Transgenderism and the transgender are topics that have gained notable momentum in the public conscious as of late. What exactly is this status, and what is the reasoning behind it? Here, we take a look at the scientific community’s efforts to explain and understand this personal preference and status.
There is a discourse in 21st-century society about what is the social construct, gender norms or nonbinary genders. Few people claim that sex is a social construct. Excluding mutation or certain congenital medical conditions, sex is normally binary. Either a baby has one set of “plumbing” or the other. But, gender, beginning with parents naming their baby, is taught. A baby born with testicles and a penis is called Frank, Bob, Peter, or Charles. A baby born with a vulva and vagina is called Susan, Betty, Linda, or Jasmine. It would be considered weird to name a baby something from the “other column.”
People, however, have questioned what society calls “gender norms” for a long time. Nearly 50 years ago, Charlotte Zolotow wrote “William’s Doll,” which is a striking story for its time. The protagonist, William, wants a doll to care for and play with. Of course, William’s father is incensed and gives William “toys for boys.” It falls to William’s grandmother to give him his doll. When the father becomes angry, the grandmother placates him by saying that by playing with the doll, William will learn good parenting skills.
Transgenderism is a lot like that. Transgender people don’t fit neatly into society’s pigeonholes. There are people who are genderqueer, identifying as a nonassigned gender but expressing traits of their assigned sex. There are also people who identify as ace or asexual. They might be cisgender but have no attraction to any sex or gender. There are even people who are gender-fluid, and these people might be one thing one day and something else the next. These are but a few examples of the way transgenderism exists in the world. The binary system no longer applies. Indeed, gender is a social construct.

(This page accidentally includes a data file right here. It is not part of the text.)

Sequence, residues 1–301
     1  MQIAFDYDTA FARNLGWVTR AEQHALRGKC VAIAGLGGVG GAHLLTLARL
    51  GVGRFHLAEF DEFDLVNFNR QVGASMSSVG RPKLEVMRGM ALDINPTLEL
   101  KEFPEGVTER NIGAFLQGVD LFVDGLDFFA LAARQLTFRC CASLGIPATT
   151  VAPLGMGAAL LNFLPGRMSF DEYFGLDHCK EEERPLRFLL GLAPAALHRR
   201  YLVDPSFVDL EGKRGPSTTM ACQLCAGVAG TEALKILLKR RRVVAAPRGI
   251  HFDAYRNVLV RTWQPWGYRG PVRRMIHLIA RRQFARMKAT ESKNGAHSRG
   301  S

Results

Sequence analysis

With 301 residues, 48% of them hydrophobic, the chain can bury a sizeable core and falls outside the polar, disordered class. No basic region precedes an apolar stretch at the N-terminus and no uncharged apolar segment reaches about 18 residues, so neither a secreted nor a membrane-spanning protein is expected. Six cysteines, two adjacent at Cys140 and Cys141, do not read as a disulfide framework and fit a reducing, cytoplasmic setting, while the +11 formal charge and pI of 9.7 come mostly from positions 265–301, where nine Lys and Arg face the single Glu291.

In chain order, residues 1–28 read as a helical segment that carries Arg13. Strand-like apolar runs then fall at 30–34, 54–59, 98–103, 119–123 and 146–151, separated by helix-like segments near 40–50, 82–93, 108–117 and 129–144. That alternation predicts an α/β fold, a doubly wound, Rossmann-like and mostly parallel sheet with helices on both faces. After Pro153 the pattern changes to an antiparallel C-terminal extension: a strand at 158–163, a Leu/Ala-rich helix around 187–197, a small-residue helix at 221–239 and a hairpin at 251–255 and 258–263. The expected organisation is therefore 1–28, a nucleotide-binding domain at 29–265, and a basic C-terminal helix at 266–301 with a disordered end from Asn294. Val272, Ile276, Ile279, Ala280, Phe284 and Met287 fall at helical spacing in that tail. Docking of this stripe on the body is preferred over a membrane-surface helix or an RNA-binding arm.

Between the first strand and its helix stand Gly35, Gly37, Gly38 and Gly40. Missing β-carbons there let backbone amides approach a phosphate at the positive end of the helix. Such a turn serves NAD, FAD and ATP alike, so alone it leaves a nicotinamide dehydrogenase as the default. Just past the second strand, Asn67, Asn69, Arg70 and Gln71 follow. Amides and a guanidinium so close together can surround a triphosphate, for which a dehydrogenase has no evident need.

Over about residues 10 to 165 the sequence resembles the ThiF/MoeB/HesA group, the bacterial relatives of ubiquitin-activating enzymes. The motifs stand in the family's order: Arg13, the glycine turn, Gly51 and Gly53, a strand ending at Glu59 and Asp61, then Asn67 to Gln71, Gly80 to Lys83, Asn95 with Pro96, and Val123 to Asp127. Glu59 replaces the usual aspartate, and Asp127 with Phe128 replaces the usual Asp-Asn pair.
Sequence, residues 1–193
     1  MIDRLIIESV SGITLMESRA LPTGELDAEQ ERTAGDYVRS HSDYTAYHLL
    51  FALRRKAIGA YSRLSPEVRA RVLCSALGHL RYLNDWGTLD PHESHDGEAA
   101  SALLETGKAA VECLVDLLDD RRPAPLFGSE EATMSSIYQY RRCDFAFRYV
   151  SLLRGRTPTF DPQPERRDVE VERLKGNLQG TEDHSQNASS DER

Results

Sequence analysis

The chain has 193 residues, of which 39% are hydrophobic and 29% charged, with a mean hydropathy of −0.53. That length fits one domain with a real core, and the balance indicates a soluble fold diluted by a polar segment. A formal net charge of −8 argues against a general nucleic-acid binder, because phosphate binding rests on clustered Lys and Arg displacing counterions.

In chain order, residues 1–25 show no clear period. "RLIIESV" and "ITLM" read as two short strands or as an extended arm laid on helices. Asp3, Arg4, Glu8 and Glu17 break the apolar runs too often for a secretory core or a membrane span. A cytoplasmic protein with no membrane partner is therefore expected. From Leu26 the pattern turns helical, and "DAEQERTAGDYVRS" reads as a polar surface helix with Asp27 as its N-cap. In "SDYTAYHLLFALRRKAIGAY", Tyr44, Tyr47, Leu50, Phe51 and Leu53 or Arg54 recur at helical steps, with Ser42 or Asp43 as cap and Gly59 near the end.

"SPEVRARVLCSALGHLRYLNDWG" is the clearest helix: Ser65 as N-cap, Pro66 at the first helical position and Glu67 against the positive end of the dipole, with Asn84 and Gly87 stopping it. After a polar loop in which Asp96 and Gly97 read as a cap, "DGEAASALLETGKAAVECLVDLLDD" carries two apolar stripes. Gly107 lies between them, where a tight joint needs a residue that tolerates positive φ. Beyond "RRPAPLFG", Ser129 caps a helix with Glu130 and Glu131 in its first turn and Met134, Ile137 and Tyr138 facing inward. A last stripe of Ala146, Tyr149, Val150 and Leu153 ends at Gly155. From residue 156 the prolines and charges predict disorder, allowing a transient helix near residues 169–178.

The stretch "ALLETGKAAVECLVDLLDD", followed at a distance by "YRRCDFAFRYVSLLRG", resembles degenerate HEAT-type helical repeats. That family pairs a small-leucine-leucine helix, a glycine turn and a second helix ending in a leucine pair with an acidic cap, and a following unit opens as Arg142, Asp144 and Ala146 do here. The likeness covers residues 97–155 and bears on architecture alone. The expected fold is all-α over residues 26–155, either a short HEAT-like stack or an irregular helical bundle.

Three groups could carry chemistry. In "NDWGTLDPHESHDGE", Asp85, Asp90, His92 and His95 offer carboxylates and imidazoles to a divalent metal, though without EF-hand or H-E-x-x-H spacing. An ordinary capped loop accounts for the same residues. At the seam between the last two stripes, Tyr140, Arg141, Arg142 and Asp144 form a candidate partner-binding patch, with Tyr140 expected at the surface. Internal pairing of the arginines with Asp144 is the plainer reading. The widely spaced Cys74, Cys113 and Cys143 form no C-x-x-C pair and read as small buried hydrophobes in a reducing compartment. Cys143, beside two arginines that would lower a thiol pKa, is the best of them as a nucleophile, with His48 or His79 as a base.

What Is the Science of Transgenderism?
One key discovery regarding transgenderism is that it is not synonymous with sexual orientation. Most drag performers, for example, are gay men who perform as women for entertainment. They’re cisgender and gay. There are trans drag performers, however. Peppermint is a prime example, being a trans woman performing in what has been a male-dominated field. Some performers are cisgender and straight. Australian drag performer Barry Humphries is one such performer.
Still, the concept of transgenderism as a mental defect persists in much the same way as homosexuality did until the APA declassified it as such in 1973. In April 2019, Belgian scientists began the largest study of transgender individuals undertaken to date. With only 0.3 percent of the world’s population identifying as transgender, previous studies were deemed inconclusive. One of the most startling conclusions they made was that, in many, many cases, the transgender people identified as transgender unwillingly. They didn’t want to subject themselves to the stigma, prejudice, and shabby treatment they would certainly undergo by being trans, but they could not deny themselves to themselves.